The U.S. national team faced a tough test from Turkey and passed it comfortably, riding goals from Fabian Johnson and Clint Dempsey on the way to a 2-1 win at Red Bull Arena.
Turkey may have been missing star midfielder Arda Turan, but still provided a good challenge for the Americans. but the U.S. handled that challenge well, riding goals from Fabian Johnson and Clint Dempsey on the way to a 2-1 victory at Red Bull Arena.
Fabian Johnson scored the first goal of his national team career, running onto a perfect chip pass from Michael Bradley in the 26th minute and slotting home the opener.
Dempsey made it 2-0 in the 52nd minute when a botched clearance attempted by a Turkish defender left him with a look directly in front of goal. Dempsey's quick reaction helped him beat the Turkish goalkeeper to the ball for the finish.
"Overall, I think it was a nice game to watch," U.S. coach Jurgen Klinsmann said after the match. "A beautiful first goal by Fabian Johnson with Michael Bradley there chipping it over the backline. Wonderful crowd, great support and everybody’s getting more and more excited about the World Cup."
Klinsmann brought in John Brooks, Kyle Beckerman and Brad Guzan at halftime. While he did have praise for Jones' first-half performance, Klinsmann thought the starting lineup left too much space for Turkey to exploit in the first half.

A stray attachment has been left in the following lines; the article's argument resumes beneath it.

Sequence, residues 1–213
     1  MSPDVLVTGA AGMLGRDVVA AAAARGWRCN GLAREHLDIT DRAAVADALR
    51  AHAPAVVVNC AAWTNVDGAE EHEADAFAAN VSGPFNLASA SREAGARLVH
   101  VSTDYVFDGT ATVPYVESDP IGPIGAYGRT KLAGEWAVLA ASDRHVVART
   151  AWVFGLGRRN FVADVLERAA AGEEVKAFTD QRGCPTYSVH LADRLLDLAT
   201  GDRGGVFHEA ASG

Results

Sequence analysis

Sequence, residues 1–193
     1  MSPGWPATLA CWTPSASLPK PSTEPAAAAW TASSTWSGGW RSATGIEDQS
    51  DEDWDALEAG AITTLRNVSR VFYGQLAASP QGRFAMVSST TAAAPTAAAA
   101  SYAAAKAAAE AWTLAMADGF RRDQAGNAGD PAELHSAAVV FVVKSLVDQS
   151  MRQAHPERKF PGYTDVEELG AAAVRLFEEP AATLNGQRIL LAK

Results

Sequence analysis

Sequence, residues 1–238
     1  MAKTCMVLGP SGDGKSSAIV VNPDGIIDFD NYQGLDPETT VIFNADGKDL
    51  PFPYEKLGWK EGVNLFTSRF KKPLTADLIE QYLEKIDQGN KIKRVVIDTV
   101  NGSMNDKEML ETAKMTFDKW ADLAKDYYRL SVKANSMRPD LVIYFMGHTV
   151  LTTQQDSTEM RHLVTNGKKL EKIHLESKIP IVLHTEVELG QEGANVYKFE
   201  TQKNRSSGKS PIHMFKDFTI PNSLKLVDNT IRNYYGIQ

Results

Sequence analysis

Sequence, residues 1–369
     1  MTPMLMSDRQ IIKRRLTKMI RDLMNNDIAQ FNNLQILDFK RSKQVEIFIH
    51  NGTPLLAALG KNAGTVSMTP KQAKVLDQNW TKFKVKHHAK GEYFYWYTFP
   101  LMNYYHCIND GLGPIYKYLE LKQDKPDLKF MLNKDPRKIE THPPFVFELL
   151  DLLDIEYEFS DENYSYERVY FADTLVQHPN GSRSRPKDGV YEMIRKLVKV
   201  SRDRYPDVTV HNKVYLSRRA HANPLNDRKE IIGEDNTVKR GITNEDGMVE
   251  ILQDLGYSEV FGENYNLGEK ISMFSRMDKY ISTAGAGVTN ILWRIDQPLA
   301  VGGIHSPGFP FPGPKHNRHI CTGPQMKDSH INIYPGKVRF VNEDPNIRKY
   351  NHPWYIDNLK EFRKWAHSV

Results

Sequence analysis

"We need to close the gaps up better, so we still have a lot of work ahead of us to become more compact, more connected between the players to make it more difficult for the opponents to come through there," Klinsmann said.
Turkey tested the U.S. defense on several occasions, but couldn't put a serious challenge on Tim Howard in the first half. The U.S. back four turned in a strong first half, with Jermaine Jones playing the defensive midfield role very well in front of the defense.
"Defensively it was good. They caused us some trouble with good individual play," Howard said. "They spread us out. Obviously we defended narrow and they spread us out so we had to make some adjustments.
"To have those changes in the back-line at halftime is never easy, but I thought (John Brooks) came in and played really well. We almost had a clean sheet, and the penalty takes the gloss off it a little bit, but I thought we played well."
Jozy Altidore was a handful throughout the match, and while he couldn't snap his goal drought, he did draw praise from both coaches.
“He's a very powerful striker," Turkey coach Fatih Terim said. "The type of striker that the centerbacks don’t like much. He likes to hold up the ball, therefore his teammates can join in the attack. He’s a very important player.”
"It is the Jozy that we want to see," Klinsmann said after the match. "He will, sooner or later, break through with goals. It's just you've got to work for it and stay hungry and grind it out, and sooner or later it's time and 'boom' it's in the net."
Klinsmann gave several players their first appearance in the World Cup send-off series on Sunday, including Brooks and Julian Green. Brooks impressed in central defense, playing alongside Geoff Cameron and cutting out several Turkey attacking forays. Green was somewhat quiet, but did appear to draw a penalty only to have the referee wave off demands for a penalty call.
The Turkish team spoiled the shutout in the 90th minute when a handball in the penalty area called against Cameron gave the visiting side a late consolation penalty kick, with Selcuc Ilan converted the penalty kick.
The U.S. concludes its World Cup send-off series on Saturday against Nigeria in Jacksonville, Florida. After that friendly, the Americans depart for Brazil ahead of their opening World Cup match against Ghana on June 16 in Natal.